Tuesday, January 27, 2015

3D Acoustic Guitar Groom's Cake

     We have made three musical instruments to date.  A simple acoustic guitar, a fantastic banjo, and this cake.  The bride was limited on her budget, so to cut costs/labor we didn't make any type of armature for this cake.  The neck is entirely made out of cereal treats and then "faked out" by using black fondant to represent the underside of the neck.  I like the look of it, especially since I didn't have to do a bunch of woodworking that isn't much fun to me.  The sides of the guitar are buttercream.  The top and neck are all covered in modeling chocolate.

     For the cake board, I did use a power tool and cut 1" thick Gatorboard with a rotozip tool.  Gatorboard is a lot like foamboard, but instead of paper on the outside, it's this really hard surface.  You can't cut it with a box cutter.  I used to use it all the time when I was in visual merchandising.  Look at the letters in a department store and you will see this material.   It was not my most brilliant plan :(  It was messy, bumpy, and not a good structural idea.  I was moving the cake from the cooler to the table and hit the neck cake board on the side of the table.  It was heavier than I expected and I was just trying to hurry too much.  My accident caused the neck of the cake board to break but not come off.  At this point, the cake was carved and iced smooth so moving it to another board would have turned it into a pile of crumbs.  For a solution, we cut a 1/4" piece of plywood about the size of the cake and glued it underneath to brace the original cake board.  It gave me a lot more structural integrity. 

For the strings, well my husband is a damn genius!  We were so running out of time to finish this cake and I was going to do something that would not have been so pretty.  I'll give you the short version and we can follow it up with a little tutorial.  Since the Gatorboard cake board we could stab wooden skewers into it and they would hold in tight.  Chad drilled the tiniest of holes in the skewer and tied fishing line in a knot.  Then with both of us holding it so as to not damage my fancy paint job (heaven forbid we try this before the cake is otherwise done-silly baker).  We used a tall piece of modeling chocolate at the top of the neck to hold the string up so they didn't lay flat on the neck and it held them in the proper order without wiggling around.   We then put the line through another tiny hole in a wooden skewer and hammered it into the cake and board.  The tension was good and the line didn't move.  We then put some trim pieces over the top skewer to hide the skewers. We ran out of time to figure out camouflage for the bottom skewers.  We used real guitar string on the banjo, but know that we have figured this out, it will be our go to method.  I will say that when we moved the cake the strings got looser because the flex of the very long cake board but then got tight again as soon as we laid it on the display table.  I'm lucky the saggy, traveling strings didn't mess up my paint.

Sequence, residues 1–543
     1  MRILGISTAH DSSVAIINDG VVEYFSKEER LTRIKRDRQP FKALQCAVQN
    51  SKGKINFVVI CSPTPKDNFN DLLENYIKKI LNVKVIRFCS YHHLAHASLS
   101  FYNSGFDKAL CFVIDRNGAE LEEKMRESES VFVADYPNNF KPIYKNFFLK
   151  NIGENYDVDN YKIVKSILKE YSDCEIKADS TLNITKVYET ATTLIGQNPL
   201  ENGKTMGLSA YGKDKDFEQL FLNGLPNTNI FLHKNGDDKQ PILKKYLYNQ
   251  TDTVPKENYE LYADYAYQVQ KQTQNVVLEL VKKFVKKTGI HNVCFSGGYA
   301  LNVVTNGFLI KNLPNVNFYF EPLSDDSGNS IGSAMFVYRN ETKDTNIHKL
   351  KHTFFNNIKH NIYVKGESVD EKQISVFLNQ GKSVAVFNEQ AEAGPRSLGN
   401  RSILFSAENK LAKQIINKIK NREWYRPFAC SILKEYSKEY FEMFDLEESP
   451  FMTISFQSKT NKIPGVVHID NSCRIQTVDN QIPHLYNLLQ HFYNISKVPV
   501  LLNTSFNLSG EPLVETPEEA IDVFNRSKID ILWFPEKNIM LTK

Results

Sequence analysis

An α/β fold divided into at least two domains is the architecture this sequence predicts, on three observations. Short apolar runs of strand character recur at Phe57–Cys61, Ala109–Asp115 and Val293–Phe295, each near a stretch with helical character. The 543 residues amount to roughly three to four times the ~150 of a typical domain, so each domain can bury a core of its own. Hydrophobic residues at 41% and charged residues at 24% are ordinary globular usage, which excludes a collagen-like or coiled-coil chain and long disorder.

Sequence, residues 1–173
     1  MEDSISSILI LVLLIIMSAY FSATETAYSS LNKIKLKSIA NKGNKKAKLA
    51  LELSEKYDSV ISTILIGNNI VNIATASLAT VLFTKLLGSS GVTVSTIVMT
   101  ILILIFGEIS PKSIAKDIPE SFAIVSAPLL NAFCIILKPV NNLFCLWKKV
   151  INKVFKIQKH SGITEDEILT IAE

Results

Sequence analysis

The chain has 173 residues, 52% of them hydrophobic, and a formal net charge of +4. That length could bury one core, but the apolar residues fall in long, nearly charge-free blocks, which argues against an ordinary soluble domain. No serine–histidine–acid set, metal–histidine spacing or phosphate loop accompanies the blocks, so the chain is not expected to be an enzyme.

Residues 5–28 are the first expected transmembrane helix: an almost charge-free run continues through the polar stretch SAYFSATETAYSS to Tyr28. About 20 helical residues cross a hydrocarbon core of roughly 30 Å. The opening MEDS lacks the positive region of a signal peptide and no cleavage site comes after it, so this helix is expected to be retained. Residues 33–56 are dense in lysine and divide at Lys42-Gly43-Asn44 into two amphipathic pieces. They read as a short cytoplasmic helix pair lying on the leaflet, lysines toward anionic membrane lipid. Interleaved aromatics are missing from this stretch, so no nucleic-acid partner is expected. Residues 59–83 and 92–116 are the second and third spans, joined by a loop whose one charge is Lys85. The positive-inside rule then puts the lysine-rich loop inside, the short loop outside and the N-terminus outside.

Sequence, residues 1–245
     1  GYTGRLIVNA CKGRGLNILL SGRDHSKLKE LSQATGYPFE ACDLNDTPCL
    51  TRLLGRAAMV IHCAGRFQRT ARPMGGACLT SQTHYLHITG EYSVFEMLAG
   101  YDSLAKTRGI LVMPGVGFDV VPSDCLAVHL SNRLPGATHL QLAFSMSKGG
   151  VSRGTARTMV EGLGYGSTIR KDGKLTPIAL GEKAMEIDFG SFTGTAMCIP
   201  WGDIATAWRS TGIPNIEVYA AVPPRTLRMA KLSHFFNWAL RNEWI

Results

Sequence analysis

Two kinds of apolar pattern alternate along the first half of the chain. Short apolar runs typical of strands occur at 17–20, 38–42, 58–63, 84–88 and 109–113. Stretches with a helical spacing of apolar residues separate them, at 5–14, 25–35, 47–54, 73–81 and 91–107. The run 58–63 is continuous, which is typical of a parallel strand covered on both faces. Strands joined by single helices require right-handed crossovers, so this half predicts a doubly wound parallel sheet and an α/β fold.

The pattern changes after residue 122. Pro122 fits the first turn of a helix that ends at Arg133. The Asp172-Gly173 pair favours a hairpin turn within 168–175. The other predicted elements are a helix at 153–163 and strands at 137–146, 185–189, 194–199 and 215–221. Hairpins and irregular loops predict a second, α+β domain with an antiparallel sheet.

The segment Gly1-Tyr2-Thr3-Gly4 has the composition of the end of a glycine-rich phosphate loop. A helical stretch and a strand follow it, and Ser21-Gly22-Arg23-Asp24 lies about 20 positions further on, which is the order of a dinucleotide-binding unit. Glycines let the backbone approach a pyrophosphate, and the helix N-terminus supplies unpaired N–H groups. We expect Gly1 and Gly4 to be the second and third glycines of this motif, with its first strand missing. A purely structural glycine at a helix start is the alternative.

Lastly, my lesson of the day is to paint with colored cocoa butter onto modeling chocolate.  Chef Rubber (http://www.shopchefrubber.com/Cocoa-Butter-Painting-Kit/) has a great kit that will last for a while.  ANYTIME I use an edible marker on modeling chocolate, once the cake comes out of the fridge and has a little condensation, all the details run like Alice Coopers mascara!  Cocoa butter painting takes a little practice, which is what I'm still doing, but once it firms up, the details won't move or get smudged by anything.  I hope you take something helpful away from this because one day you may have to figure out guitar strings on a cake!

Tuesday, January 20, 2015

Facebook Rant over Illegal Bakers

Graphic via KeepCalm-o-matic
I joined a few Facebook "yard sale" groups in my area.  It seems like every other day someone asks for recommendations for a cake person.  One lady just said she "didn't want to pay as much as her wedding dress costs".  All of these people start stepping up and throwing names out there.  Maybe my hormones are crazy today, but I just had to say something.  It could make me very sorry, but I hope the ones that are running an illegal operation don't take it as bashing.  The people with nasty kitchens are the ones that will be upset.  Please read my post and tell me what you think...
" My wedding cake business is Cup a Dee Cakes LLC.  I don't make birthday cakes and start my prices at a $250 minimum so I don't post here looking for sales.  I have a business license, health department inspection every 6 months, Serve Safe certification, insurance, contracts and glowing reviews from brides as well as vendors.  I also pay sales tax, business tax, licenses, and advertising.  We spent about $40,000 building a legal kitchen onto our home.  All those things add to a businesses overhead.  I start my round tiered cakes at $3.75/serving for an all butter-NO Crisco buttercream.  You will get what you pay for in all things.  I have not tried ANYONE'S cake that posts on this board or checked to see if they are "legal".  It's not my place.  This is not against them personally, I'm just trying to give some advice.  A contract is there to protect both parties involved.  Often if a cake is great in taste and quality, they would/could charge more.  Cheap cakes cost less because the bakers don't have the same overhead, skill set, quality of ingredients or they haven't figured out how to charge in order to make a living.